Effective leaders aren’t afraid to standout in a crowd and say something that many, most, or all people will oppose. Being a true leader isn’t about winning a popularity contest or winning Miss Congeniality; it’s about doing and saying what you feel is truly right. Unfortunately, too many of those we call “leaders” in the postmodern epoch aren’t authentic leaders. This has led to numerous milquetoast individuals being considered leaders by many Americans. We have to stop considering people leaders simply because they have a special title and/or they’re always on television. A simple public presence doesn’t make a person a leader.
Before you consider someone a leader, be sure he or she is leading. When a person is leading, he or she is making a real difference in the lives of people. Don’t cheapen what it means to be an effective leader by calling those who are attention-seekers leaders. A clear difference exists between attention-seekers and leaders who aren’t afraid to stand out in a crowd. An effective leader isn’t going to have fear of receiving backlash about saying and doing things that will cause people to be unsettled and unnerved. Many people need to be unsettled and unnerved about the things they believe, say, and do.
People will respect you when you’re willing to say and do the right things, even when saying and doing the right things are difficult to accept. This doesn’t mean that people will like you or that you will become popular, however.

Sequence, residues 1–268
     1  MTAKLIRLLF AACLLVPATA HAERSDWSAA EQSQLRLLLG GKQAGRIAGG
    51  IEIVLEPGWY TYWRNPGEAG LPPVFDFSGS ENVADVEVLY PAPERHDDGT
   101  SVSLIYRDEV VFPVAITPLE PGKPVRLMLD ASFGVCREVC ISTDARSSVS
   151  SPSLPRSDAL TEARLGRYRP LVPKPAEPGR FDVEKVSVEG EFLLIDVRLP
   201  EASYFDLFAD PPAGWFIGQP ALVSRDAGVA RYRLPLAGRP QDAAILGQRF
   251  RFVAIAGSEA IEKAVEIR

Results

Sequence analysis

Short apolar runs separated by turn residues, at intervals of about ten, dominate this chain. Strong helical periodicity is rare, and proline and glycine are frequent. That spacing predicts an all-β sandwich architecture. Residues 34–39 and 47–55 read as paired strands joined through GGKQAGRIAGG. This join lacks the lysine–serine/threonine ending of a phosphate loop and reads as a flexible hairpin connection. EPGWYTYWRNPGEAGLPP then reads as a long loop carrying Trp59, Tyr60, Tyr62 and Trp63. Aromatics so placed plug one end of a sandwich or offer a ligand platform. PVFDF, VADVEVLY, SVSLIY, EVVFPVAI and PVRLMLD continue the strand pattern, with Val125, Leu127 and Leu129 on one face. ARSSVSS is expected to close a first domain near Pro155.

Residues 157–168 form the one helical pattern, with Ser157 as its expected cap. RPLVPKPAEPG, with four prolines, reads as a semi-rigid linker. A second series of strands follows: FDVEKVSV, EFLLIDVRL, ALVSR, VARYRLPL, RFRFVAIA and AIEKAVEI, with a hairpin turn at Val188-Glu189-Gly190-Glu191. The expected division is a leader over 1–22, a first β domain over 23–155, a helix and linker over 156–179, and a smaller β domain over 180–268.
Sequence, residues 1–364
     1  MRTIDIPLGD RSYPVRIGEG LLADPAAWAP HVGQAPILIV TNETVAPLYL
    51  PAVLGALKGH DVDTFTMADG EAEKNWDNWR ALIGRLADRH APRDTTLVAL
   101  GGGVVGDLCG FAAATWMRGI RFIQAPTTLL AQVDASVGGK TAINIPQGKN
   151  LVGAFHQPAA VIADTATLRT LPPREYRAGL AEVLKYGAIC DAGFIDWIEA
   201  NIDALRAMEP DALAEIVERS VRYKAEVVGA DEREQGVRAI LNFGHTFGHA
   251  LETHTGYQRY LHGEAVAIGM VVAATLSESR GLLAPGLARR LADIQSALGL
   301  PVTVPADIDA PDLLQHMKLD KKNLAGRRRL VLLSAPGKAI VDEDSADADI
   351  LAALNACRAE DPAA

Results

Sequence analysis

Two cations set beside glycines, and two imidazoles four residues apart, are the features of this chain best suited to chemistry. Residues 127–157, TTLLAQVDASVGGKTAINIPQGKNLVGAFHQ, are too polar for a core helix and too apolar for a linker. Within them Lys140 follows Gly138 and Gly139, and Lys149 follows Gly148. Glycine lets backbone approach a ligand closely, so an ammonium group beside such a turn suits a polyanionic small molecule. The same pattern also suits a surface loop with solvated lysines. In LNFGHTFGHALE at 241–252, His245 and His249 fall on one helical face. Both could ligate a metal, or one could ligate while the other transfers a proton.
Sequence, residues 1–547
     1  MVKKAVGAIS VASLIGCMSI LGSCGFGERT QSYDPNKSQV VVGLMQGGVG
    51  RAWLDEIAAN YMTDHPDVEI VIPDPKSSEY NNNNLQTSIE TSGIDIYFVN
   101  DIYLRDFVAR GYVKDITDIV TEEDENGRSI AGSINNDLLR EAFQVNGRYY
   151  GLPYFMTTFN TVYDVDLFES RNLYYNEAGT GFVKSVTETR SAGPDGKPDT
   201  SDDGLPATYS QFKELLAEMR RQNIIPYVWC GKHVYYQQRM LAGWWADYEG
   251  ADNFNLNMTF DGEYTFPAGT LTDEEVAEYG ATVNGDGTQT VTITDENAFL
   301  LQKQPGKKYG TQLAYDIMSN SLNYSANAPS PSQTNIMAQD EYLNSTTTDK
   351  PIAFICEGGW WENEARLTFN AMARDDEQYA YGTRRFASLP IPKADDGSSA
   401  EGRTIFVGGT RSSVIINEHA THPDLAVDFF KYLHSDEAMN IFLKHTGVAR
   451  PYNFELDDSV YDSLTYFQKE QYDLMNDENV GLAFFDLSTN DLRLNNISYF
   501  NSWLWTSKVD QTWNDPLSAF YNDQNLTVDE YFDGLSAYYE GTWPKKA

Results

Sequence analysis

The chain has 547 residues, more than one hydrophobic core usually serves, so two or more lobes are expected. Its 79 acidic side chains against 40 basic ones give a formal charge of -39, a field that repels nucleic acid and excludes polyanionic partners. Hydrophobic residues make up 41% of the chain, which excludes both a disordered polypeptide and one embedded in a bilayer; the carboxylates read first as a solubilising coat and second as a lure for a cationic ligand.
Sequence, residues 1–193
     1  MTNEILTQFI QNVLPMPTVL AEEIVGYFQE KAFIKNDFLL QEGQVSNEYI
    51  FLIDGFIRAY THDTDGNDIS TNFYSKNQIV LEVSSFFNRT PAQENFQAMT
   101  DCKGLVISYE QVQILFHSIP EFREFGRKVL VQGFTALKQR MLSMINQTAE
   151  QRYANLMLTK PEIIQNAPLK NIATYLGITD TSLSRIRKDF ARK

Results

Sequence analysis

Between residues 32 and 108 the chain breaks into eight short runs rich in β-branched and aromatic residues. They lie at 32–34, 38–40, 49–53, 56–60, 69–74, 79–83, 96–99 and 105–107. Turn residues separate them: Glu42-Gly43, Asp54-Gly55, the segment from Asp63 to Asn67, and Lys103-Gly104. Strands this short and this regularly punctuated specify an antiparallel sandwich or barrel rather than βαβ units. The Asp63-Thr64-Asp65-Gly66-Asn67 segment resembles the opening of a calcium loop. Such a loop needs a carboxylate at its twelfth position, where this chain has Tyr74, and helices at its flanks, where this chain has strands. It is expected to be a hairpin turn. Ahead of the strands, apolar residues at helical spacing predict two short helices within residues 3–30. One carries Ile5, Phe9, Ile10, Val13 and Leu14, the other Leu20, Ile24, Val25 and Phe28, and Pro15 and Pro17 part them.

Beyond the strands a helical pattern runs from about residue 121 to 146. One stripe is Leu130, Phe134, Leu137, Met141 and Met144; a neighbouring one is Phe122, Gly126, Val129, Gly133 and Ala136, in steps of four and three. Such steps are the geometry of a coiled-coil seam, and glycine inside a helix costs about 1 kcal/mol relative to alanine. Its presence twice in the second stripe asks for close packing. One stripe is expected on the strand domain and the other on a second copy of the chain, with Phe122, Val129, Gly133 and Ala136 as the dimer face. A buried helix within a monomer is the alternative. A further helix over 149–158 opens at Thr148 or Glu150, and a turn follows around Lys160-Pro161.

To be an effective leader, one has to have a commitment to saying and doing substantive things. An authentic leader has a record of accomplishment, which includes getting things done for others. If you’re a vain person, you’re certainly not a leader.
Effective organizational leaders don’t worry about who gets the credit for accomplishments. They highlight how it was the team responsible for the accomplishments—not themselves. People will be able to tell when you don’t have the ability to lead an organization; therefore, you cannot fake genuine leadership. An effective leader understands that he or she needs to employ the talents of those around him or her. Being a leader doesn’t mean you know everything. In fact, a leader acknowledges that he or she doesn’t know everything.
Let’s make a commitment to stop crowning people as leaders who aren’t leaders.
Dr. Antonio Maurice Daniels
University of Wisconsin-Madison